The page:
In my interview published today on The Displaced Nation, author Harriet Springbett talks about being an English writer living in France:
‘When I go back to England and see bookshops stuffed with books, or blogs featuring new books every day, I feel intimidated. Writing stories suddenly seems rather pointless and I wonder what I can possibly add to the overloaded bookshelves. Then I come home to France and it feels rare and right once more. France is my cocoon. If I lived in England, I’m not sure I’d be a writer.’
Harriet’s Tree Magic is published by Impress Books. She is currently writing a story set in the Pyrenees.
The photo shows the tiny chapel at Alendo in the Pyrenees.
Some readers of my posts may feel confused by the polarised nature of my activities: on the one hand writing early medieval fiction and the other hand writing future fiction about exoplanets and other life poetics. I get quite confused by this paradox myself!
However, the medieval historian Henry of Huntingdon, writing in the 12th century, was happy to address readers in the third, fourth and fifth millennia. ‘If mortal generations are prolonged so long as that’, he said. He addressed readers 3,000 years ahead of his own time – ‘I who will be dust in your time have made mention of you in this work, such a long time before your birth’ – because he believed in history’s redemptive potential for both the present and the future. So I guess I shouldn’t worry about my own polarities too much.
For more contemplation on the topic of history and the future see Amanda Jane Hingst’s excellent book on Orderic Vitalis, The Written World, which I was delighted to just buy in the wonderful Raven Secondhand Bookshop in Cambridge, Massachusetts.
My interview with acclaimed novelist Simon Mawer was recently published on The Displaced Nationsite. Mawer’s fiction has received a slew of prizes: The McKitterick Prize for his first novel, Chimera; The Glass Room was short-listed for the Booker Prize; and Tightrope won the Walter Scott Prize for Historical Fiction. He has lived in Italy for many years and finds his imagination is fired by the extraordinary and the unfamiliar.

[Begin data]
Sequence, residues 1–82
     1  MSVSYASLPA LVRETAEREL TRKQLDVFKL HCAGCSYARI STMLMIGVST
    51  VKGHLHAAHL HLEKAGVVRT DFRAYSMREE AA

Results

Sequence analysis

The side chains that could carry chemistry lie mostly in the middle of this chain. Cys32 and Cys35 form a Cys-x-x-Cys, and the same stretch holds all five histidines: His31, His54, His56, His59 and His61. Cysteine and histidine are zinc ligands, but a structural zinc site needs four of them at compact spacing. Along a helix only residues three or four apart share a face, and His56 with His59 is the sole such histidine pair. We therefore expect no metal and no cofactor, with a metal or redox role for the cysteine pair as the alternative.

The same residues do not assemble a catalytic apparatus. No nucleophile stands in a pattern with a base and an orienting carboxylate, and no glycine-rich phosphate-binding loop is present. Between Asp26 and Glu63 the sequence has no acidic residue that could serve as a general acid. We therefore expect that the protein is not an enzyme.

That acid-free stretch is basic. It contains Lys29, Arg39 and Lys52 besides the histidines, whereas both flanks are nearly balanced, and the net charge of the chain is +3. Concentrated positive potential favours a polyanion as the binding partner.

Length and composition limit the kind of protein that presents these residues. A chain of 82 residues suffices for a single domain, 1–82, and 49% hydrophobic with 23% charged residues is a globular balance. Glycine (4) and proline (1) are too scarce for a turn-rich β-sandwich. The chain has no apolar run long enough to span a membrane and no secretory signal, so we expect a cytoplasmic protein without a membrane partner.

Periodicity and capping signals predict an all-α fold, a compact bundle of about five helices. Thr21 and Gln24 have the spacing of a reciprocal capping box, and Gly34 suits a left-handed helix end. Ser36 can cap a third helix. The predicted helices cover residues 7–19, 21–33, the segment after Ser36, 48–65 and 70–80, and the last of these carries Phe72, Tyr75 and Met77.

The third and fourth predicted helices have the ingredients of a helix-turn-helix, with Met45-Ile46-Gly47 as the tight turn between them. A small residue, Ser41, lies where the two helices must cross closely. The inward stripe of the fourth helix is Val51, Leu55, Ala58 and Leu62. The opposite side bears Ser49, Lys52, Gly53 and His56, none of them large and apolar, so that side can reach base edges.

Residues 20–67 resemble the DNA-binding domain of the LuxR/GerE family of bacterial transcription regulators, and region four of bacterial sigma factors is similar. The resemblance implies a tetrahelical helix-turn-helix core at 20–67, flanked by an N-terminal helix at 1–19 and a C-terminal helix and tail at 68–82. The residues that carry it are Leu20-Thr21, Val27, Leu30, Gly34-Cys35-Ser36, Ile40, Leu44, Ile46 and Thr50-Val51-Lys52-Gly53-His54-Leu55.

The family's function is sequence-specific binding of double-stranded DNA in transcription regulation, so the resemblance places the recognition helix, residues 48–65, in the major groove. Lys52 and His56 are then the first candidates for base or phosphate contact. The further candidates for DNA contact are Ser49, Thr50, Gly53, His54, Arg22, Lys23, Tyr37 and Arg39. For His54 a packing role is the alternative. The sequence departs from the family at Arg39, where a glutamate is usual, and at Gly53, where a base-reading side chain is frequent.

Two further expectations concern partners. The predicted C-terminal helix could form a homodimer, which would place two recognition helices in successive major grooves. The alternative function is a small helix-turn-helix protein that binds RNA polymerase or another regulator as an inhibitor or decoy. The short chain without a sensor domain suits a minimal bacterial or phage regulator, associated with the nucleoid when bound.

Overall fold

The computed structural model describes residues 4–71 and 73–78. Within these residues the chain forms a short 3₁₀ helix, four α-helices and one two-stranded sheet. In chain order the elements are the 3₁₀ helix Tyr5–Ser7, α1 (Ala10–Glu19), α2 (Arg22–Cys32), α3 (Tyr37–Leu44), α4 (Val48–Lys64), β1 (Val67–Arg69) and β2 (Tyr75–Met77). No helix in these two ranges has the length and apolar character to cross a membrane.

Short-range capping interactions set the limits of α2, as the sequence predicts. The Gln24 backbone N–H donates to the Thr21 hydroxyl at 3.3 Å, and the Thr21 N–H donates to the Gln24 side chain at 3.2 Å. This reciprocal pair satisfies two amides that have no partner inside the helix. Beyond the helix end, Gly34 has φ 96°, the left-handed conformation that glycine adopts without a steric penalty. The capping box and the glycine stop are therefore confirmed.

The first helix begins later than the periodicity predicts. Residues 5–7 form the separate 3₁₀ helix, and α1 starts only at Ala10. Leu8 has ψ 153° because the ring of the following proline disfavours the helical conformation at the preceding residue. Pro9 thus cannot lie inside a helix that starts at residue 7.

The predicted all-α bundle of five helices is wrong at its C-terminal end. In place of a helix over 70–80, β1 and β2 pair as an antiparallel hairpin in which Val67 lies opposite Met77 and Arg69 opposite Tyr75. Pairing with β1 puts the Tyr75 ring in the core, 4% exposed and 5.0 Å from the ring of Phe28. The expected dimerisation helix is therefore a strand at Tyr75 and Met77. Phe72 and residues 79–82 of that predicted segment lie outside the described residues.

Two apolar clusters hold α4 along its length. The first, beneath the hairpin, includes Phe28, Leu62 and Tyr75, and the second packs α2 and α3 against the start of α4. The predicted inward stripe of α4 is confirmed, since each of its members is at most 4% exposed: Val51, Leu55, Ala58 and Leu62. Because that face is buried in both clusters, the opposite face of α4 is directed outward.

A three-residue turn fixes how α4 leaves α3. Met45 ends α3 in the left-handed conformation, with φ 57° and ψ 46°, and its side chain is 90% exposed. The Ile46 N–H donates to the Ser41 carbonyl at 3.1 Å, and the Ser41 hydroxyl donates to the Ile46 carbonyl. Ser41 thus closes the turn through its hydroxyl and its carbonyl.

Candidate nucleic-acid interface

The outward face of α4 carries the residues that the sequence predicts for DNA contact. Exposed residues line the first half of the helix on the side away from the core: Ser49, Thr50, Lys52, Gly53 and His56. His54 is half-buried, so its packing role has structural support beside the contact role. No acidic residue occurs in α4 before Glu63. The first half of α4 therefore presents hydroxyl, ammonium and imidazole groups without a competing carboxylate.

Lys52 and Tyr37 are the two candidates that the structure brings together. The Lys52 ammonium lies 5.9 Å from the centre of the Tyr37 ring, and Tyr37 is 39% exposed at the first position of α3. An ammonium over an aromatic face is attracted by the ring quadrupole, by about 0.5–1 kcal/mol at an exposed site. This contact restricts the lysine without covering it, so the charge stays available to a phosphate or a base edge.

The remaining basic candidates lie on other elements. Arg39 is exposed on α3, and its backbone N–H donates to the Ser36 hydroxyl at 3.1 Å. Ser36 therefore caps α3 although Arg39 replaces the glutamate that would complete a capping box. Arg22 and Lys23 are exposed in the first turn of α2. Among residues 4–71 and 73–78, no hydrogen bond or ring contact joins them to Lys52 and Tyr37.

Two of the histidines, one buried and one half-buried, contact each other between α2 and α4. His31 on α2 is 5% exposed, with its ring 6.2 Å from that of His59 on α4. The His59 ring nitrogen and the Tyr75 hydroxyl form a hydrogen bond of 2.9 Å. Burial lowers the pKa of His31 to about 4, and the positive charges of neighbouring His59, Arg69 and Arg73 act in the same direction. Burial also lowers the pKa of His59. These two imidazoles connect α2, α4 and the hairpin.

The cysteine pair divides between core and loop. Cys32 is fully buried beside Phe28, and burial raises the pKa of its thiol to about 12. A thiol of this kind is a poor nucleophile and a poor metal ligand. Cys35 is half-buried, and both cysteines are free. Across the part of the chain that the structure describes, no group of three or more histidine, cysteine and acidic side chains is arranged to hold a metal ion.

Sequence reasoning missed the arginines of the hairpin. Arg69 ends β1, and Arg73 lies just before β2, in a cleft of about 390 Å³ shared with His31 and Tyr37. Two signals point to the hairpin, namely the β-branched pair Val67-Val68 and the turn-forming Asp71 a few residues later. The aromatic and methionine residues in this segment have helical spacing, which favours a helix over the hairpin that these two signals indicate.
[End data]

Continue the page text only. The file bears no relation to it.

An interview with Booker short-listed novelist, Simon Mawer, is published in my regular column for The Displaced Nation. His novel, Tightrope, set in 1950s London, won the Walter Scott Prize for Historical Fiction. Mawer had a peripatetic upbringing and now lives in Italy. He says that not feeling at home anywhere fires his creativity.
My review of a new book on the artists Hieronymus Bosch and Pieter Bruegel the Elder, has just been published in the Times Higher Education.
‘Nothing but devils, buttocks and cod-pieces,’ declared the 17th-century Spanish poet, Francisco de Quevedo, on the paintings of Bosch. In his new book, Joseph Leo Koerner writes that the delectation of Bosch’s The Garden of Delights, ‘draws us like bees to blossom’, whilst Bruegel offers us views ‘that so far exceed our capacity to look that we can never feel finished looking’.
I am currently on a Blog Tour for my new novel, Conquest: Daughter of the Last Kingand have been tackling some very good questions from bloggers about researching, writing and publishing processes, as well questions about the novel itself. See some of my answers here:
An article on English writers living in France, featuring an interview with me, has just been published in the August issue of Living France magazine. It includes information on writers groups, the Writing at the Castle writing workshops, literary festivals in France including Parisot and Charroux, and The English Library in Villefranche-de-Rouergue.